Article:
In 1945, after a lengthy stay in Cape Town, Gerard Sekoto moved to Pretoria to live with his mother and stepfather in Eastwood. The two years he spent in this settlement before his departure for France, via London, represent the highpoint of his artistic career. Already attuned to describing aspects of black urban life following creative sojourns in Sophiatown and District Six, Sekoto concentrated on producing gregarious studies of domestic life marked by their formal innovation and painterly maturity. “It was a time when he pushed his understanding of colour and form to new heights, when he seemed to sharpen even further his already remarkable sense of mood and movement,” notes Lesley Spiro.1 This lot is exemplary.
Dominated by the mustard tones in the foreground, Sekoto’s palette is sensuous rather than exuberant, his brushwork attentive without being overly precise. Despite his naturalistic approach, elements of his painting remain mysterious. For instance, the identity of the two male cyclists wearing hats is hidden in shadow. Similar to Sixpence a Door (1946), a comparably toned work from the same period, Sekoto imbues this study of quotidian life with a warm glow. Sekoto’s frontal vantage, which places him on the dirt road, immersed in the comings and goings of Eastwood, bears notice. It distinguishes this lot from a better-known earlier work, Cyclists in Sophiatown (1942), in which Sekoto described the hurried, mechanistic quality of township life by portraying a group of male cyclists from a removed vantage.
Like Sixpence a Door, this lot is historically important for what it portrays. Established in 1905 on the farm Garstfontein No. 428, Eastwood originally constituted 166 freehold lots and a borehole. In 1938, a committee chaired by EN Thornton was appointed to consider the administration of peri-urban settlements like Eastwood, which provided accommodation to black urban migrants just outside municipal boundaries. Conditions in Eastwood, it was reported, were “comparatively satisfactory", although the settlement was becoming overcrowded due to an increasing number of plotholders letting rooms.2 Water supply was also stressed. Sekoto’s painting does not portray these social pressures, which escalated after his departure – and culminated in forcible evictions and Eastwood being declared a 'white area' on 20 October 1961, the change signed into law by PW Botha.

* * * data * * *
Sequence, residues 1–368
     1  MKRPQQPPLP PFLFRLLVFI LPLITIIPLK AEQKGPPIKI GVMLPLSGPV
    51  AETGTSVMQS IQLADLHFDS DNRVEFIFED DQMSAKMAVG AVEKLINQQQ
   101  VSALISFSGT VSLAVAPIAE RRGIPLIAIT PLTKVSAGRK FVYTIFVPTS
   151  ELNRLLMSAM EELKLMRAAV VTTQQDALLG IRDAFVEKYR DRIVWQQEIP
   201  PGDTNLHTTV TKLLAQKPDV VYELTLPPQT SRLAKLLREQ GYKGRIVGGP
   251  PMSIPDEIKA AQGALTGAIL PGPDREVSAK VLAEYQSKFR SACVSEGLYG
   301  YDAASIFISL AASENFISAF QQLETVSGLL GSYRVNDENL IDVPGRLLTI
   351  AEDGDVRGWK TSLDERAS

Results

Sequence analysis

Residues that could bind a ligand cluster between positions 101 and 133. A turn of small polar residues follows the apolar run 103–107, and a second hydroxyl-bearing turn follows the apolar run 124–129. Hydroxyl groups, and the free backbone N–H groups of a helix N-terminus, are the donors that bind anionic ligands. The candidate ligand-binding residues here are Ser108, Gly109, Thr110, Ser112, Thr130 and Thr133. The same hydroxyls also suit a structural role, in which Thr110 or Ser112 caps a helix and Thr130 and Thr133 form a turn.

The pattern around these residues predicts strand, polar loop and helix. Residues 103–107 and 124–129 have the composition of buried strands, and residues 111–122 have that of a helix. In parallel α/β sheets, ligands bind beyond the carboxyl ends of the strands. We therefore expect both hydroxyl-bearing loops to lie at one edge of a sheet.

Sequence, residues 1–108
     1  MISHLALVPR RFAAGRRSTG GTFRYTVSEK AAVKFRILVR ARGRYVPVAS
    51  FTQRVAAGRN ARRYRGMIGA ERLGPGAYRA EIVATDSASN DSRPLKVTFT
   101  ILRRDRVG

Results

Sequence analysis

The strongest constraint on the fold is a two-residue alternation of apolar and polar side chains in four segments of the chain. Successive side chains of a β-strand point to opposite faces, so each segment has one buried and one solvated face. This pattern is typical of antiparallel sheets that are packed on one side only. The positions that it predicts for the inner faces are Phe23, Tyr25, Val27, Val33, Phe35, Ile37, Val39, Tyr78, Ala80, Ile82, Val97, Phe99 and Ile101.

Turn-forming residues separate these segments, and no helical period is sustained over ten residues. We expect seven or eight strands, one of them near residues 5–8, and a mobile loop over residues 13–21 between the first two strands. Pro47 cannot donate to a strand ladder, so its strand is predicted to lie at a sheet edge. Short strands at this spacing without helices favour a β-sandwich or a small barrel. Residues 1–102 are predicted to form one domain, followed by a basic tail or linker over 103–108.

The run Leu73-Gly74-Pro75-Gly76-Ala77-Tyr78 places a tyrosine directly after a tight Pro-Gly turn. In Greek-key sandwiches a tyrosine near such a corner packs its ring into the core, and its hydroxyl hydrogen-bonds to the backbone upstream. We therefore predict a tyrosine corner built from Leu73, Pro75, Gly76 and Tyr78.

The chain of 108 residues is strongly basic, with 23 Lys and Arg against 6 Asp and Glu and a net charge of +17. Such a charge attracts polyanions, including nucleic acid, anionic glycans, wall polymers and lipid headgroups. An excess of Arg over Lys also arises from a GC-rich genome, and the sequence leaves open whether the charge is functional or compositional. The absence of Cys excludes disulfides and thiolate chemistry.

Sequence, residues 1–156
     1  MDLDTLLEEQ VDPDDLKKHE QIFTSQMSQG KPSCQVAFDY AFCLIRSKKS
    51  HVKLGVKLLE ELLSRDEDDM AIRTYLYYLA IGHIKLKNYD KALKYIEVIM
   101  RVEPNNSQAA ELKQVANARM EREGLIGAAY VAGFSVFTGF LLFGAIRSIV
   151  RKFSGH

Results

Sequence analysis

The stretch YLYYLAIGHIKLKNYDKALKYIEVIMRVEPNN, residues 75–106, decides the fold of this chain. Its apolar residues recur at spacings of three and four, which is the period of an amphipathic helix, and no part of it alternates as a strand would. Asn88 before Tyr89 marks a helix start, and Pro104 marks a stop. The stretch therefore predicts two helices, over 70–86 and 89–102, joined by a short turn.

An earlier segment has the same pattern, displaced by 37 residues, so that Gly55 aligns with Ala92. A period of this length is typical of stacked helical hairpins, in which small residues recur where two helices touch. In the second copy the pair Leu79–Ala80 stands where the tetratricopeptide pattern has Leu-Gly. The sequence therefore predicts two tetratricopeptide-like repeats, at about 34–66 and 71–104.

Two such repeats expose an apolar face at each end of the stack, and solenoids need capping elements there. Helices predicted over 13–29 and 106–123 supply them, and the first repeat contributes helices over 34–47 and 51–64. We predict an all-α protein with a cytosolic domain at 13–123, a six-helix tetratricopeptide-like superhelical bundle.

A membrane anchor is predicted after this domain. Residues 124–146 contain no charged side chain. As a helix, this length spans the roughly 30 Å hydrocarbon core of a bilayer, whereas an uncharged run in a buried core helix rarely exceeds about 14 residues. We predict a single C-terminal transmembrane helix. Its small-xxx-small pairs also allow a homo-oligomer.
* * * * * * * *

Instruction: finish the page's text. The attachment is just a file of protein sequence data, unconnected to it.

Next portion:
Eastwood’s erasure wasn’t yet known when Sekoto first exhibited this work at Christiaan 'Christi' Truter’s eponymous gallery, most likely in 1947. A former lover of Alexis Preller, Truter opened Christi’s Gallery in 1946. His inaugural group exhibition included work by Sekoto. In April 1947 Sekoto held a successful solo exhibition at Christi’s and in July participated in a New Group show at dealer Joan Ginsberg’s Gainsborough Galleries, where this work was also shown. In September he left South Africa on the Carnarvon Castle, never to return.
- Sean O'Toole
1. Lesley Spiro (1989) Gerard Sekoto: Unsevered Ties, Johannesburg: Johannesburg Art, p.41.
2. UG 08-40 (1940) Report of the Committee to consider the administration of areas which are becoming urbanised but which are not under Local Government Control 1938-39, p. 54.
The Late Sol Munitz Collection.